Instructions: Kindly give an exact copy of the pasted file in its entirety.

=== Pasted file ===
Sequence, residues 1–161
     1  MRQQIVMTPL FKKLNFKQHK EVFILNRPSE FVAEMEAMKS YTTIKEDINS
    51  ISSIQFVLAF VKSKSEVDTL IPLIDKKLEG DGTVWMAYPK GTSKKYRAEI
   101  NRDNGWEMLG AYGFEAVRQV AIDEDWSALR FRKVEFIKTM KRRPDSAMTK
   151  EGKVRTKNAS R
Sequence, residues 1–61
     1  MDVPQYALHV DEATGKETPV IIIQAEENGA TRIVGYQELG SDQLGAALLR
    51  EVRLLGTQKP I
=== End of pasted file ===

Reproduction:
Sequence, residues 1–161
     1  MRQQIVMTPL FKKLNFKQHK EVFILNRPSE FVAEMEAMKS YTTIKEDINS
    51  ISSIQFVLAF VKSKSEVDTL IPLIDKKLEG DGTVWMAYPK GTSKKYRAEI
   101  NRDNGWEMLG AYGFEAVRQV AIDEDWSALR FRKVEFIKTM KRRPDSAMTK
   151  EGKVRTKNAS R
Sequence, residues 1–61
     1  MDVPQYALHV DEATGKETPV IIIQAEENGA TRIVGYQELG SDQLGAALLR
    51  EVRLLGTQKP I